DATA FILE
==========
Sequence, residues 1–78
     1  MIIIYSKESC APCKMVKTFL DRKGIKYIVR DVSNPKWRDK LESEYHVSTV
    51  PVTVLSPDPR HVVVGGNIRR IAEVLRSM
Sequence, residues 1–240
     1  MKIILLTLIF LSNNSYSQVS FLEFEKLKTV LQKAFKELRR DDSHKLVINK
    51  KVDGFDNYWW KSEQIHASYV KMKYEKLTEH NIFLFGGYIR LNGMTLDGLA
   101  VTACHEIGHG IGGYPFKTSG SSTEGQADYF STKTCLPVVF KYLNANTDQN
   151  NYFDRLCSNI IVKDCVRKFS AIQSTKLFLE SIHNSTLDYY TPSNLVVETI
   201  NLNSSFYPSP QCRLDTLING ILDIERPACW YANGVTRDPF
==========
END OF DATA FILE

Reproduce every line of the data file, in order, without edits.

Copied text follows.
Sequence, residues 1–78
     1  MIIIYSKESC APCKMVKTFL DRKGIKYIVR DVSNPKWRDK LESEYHVSTV
    51  PVTVLSPDPR HVVVGGNIRR IAEVLRSM
Sequence, residues 1–240
     1  MKIILLTLIF LSNNSYSQVS FLEFEKLKTV LQKAFKELRR DDSHKLVINK
    51  KVDGFDNYWW KSEQIHASYV KMKYEKLTEH NIFLFGGYIR LNGMTLDGLA
   101  VTACHEIGHG IGGYPFKTSG SSTEGQADYF STKTCLPVVF KYLNANTDQN
   151  NYFDRLCSNI IVKDCVRKFS AIQSTKLFLE SIHNSTLDYY TPSNLVVETI
   201  NLNSSFYPSP QCRLDTLING ILDIERPACW YANGVTRDPF